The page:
So, we know that men had a range of shapely options to choose from, but how many of them actually wore these corsets or belts? This is a question historians still struggle to answer. While it is known that western women of all social classes wore corsets for majority of their lives during this period, men’s corsets – like men’s fashion in general – were not discussed often, for fear of its associations with femininity and homosexuality. On top of that, only a handful of these garments survive in museums and private collections today, compared to the many women’s corsets we still have.
From this, it might seem like only a tiny minority of the most fashion-forward men actually wore these items, but we do have some sources that suggest otherwise. In their defence of the male corset, Fashion reprinted an article from The Sun, claiming that “more than 18,000 corsets were made yearly for Frenchmen, and 3000 were shipped to England, principally for Army officers.” In an interview with haute couture-legend (and manufacturer of men’s corsets) Charles Frederick Worth, they quoted:
…it is evident that the popular idea with regard to these things is that they are worn principally by dandies. But my business has shown me that in reality, they are chiefly sought after by the most athletic and soldierly of men, who are desirous of keeping their figures in order, so that they may continue in the pursuit of their various sports without looking clumsy or unfit.Charles Frederick Worth, interviewed by Fashion.
The magazine also received attention from other periodicals, one of which accused them of starting a trend among “smart men of the West” for “lacing themselves in to 22 in. waists.” Fashion staunchly denied this. They did, however, publish letters from readers who claimed to wear corsets regularly, even going as far as to claim that 75 percent of letters they received about corsets were from men confessing that they had been wearing them for years. Still, as historian Brent Shannon writes in his book on men’s fashion:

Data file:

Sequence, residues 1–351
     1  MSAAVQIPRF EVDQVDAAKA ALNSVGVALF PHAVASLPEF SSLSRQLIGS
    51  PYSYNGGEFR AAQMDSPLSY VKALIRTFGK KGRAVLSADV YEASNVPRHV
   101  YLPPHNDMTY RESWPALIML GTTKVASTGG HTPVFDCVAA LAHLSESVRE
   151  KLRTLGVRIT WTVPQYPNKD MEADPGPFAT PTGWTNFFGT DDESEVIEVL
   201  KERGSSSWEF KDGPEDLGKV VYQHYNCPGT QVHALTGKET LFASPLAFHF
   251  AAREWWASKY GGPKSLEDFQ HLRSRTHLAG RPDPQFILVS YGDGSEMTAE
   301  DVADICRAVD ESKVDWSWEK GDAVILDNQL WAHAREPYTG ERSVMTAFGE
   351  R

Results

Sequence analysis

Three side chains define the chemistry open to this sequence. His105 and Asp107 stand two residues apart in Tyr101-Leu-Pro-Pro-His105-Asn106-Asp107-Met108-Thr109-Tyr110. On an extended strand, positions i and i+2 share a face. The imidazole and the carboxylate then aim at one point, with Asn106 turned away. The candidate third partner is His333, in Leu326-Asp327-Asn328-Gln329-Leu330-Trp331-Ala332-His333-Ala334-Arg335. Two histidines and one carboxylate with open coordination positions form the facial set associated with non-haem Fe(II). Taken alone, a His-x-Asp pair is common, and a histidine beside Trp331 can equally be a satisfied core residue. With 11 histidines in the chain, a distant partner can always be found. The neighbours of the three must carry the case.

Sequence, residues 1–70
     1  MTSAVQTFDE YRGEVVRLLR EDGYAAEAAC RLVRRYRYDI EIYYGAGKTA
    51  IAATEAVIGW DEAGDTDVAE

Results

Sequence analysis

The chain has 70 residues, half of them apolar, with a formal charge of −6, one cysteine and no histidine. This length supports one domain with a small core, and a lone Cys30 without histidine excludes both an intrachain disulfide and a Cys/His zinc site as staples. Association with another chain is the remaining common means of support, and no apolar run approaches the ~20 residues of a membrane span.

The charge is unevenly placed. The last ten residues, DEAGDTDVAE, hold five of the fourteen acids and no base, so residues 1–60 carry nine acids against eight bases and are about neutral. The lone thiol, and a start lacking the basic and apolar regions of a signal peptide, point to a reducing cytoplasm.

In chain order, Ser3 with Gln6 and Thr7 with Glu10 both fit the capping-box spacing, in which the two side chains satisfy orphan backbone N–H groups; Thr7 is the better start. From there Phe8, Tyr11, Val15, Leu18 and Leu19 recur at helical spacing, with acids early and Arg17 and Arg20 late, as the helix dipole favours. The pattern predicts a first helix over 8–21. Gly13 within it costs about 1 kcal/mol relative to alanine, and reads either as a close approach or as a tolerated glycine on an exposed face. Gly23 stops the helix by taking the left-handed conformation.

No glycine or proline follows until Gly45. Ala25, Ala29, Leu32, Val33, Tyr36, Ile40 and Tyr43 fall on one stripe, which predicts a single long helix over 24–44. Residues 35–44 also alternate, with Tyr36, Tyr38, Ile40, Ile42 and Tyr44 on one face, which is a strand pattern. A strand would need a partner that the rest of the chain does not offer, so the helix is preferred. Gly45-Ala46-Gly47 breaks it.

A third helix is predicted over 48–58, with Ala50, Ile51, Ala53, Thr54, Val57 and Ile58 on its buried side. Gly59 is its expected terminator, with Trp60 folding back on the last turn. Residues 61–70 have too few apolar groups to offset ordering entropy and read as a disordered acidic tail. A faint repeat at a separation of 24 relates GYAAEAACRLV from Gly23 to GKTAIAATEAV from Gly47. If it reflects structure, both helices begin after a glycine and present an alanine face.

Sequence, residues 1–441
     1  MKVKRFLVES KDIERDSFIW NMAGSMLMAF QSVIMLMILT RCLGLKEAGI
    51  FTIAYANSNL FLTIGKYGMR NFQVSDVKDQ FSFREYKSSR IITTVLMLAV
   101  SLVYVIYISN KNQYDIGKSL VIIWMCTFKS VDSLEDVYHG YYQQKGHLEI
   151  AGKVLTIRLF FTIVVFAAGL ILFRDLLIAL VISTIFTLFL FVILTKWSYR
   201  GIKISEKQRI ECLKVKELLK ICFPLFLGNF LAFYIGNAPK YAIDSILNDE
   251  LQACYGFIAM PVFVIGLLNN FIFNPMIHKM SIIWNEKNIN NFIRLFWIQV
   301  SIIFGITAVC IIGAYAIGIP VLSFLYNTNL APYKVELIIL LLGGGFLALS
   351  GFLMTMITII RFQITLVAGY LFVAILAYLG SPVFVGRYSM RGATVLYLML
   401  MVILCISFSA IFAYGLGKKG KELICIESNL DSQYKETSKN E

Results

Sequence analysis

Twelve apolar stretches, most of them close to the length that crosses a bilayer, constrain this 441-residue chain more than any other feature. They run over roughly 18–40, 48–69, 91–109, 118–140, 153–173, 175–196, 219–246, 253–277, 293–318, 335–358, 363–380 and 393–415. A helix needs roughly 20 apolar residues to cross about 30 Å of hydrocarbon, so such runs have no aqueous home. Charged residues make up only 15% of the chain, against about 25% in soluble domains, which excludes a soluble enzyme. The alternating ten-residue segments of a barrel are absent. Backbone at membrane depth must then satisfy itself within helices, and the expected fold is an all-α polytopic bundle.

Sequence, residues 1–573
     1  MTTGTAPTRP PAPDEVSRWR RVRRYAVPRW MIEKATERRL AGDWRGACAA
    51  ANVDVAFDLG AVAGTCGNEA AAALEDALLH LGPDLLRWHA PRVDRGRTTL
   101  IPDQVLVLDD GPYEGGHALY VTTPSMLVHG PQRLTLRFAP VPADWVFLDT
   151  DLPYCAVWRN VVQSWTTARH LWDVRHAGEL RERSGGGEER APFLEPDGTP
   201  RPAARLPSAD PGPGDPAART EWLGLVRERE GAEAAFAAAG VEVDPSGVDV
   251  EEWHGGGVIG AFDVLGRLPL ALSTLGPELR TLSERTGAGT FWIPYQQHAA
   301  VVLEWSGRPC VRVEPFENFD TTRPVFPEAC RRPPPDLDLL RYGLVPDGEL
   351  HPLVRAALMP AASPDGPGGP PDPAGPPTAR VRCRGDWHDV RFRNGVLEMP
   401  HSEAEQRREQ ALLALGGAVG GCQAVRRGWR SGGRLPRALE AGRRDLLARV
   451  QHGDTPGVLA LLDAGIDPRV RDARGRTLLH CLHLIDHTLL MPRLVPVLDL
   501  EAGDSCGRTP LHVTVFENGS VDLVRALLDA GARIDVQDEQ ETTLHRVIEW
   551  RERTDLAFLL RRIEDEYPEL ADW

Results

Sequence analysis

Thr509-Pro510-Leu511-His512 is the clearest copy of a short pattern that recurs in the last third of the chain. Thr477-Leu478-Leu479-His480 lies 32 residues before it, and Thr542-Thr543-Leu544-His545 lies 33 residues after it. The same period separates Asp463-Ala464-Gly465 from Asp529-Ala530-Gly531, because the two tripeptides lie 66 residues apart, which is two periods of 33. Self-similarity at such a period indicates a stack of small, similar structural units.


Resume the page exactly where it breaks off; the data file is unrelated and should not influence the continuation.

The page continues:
It is impossible to determine whether men were wearing corsets in greater numbers than before, or merely admitting that they wore corsets in greater numbers than before. Perhaps the letters from zealous readers were fabrications.Shannon Brent, The Cut of His coat: Men, Dress and Consumer Culture in Britain, 1860-1914.
To this day, there are still niche industries that sell and manufacture menswear items like this, whether they be actual corsets, weight loss devices compression shirts, posture correctors or weight lifting belts. If you want to know more about their predecessors, check out some of these sources:
- Shannon, Brent. The Cut of his coat: Men, dress, and consumer culture in Britain, 1860-1914. Athens: Ohio University press, 2006.
- Steele, Valerie. The Corset: A Cultural History. New Haven: Yale University Press, 2011.
- “Man: Het ideale mannenlichaam, oftewel de functie van het mannenkorset,” by Dirk-Jan List on Fashion & Foundation
- “The Health Belt: een mannenkorset met drukknopen,” by Dirk-Jan List on Modemuze
- “Mannenkorsetten,” by Marit Eissen on Modemuze
Written by Fleur de Lange
 Boerhaave Museum, “Beschrijving,” Harness’ elektropatische riem en W.H. Hanse toestel voor ‘medical galvanism’, 1875-1900, objectnummer V34136.
 Brent Shannon, The Cut of His Coat (Athens: Ohio University Press, 2011): 118.
 Shannon, Cut of His Coat (Athens: Ohio University Press, 2011): 119-120.